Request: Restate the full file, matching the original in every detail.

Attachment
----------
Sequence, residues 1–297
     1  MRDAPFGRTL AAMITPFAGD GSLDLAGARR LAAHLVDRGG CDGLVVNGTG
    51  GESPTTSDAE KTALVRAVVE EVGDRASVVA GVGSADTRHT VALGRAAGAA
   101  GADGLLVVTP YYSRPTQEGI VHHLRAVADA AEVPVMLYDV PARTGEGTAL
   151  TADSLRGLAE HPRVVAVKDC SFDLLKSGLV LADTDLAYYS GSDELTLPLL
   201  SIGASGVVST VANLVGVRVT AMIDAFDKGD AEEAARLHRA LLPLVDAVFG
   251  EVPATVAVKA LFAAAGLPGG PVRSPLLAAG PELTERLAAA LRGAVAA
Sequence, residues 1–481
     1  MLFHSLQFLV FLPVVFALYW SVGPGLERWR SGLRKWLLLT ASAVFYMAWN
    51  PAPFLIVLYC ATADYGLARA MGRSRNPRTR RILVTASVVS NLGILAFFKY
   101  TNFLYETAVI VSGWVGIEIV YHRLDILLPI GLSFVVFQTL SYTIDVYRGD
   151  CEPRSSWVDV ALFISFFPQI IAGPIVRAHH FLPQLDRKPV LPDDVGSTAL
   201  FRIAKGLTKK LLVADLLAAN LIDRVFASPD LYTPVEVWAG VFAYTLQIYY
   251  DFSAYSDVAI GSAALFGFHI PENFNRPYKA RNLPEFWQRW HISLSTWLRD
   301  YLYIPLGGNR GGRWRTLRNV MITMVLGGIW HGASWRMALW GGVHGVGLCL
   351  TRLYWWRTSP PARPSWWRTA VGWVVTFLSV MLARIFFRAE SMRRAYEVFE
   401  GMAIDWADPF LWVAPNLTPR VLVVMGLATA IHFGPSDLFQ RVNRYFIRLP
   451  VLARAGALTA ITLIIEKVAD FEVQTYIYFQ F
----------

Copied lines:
Sequence, residues 1–297
     1  MRDAPFGRTL AAMITPFAGD GSLDLAGARR LAAHLVDRGG CDGLVVNGTG
    51  GESPTTSDAE KTALVRAVVE EVGDRASVVA GVGSADTRHT VALGRAAGAA
   101  GADGLLVVTP YYSRPTQEGI VHHLRAVADA AEVPVMLYDV PARTGEGTAL
   151  TADSLRGLAE HPRVVAVKDC SFDLLKSGLV LADTDLAYYS GSDELTLPLL
   201  SIGASGVVST VANLVGVRVT AMIDAFDKGD AEEAARLHRA LLPLVDAVFG
   251  EVPATVAVKA LFAAAGLPGG PVRSPLLAAG PELTERLAAA LRGAVAA
Sequence, residues 1–481
     1  MLFHSLQFLV FLPVVFALYW SVGPGLERWR SGLRKWLLLT ASAVFYMAWN
    51  PAPFLIVLYC ATADYGLARA MGRSRNPRTR RILVTASVVS NLGILAFFKY
   101  TNFLYETAVI VSGWVGIEIV YHRLDILLPI GLSFVVFQTL SYTIDVYRGD
   151  CEPRSSWVDV ALFISFFPQI IAGPIVRAHH FLPQLDRKPV LPDDVGSTAL
   201  FRIAKGLTKK LLVADLLAAN LIDRVFASPD LYTPVEVWAG VFAYTLQIYY
   251  DFSAYSDVAI GSAALFGFHI PENFNRPYKA RNLPEFWQRW HISLSTWLRD
   301  YLYIPLGGNR GGRWRTLRNV MITMVLGGIW HGASWRMALW GGVHGVGLCL
   351  TRLYWWRTSP PARPSWWRTA VGWVVTFLSV MLARIFFRAE SMRRAYEVFE
   401  GMAIDWADPF LWVAPNLTPR VLVVMGLATA IHFGPSDLFQ RVNRYFIRLP
   451  VLARAGALTA ITLIIEKVAD FEVQTYIYFQ F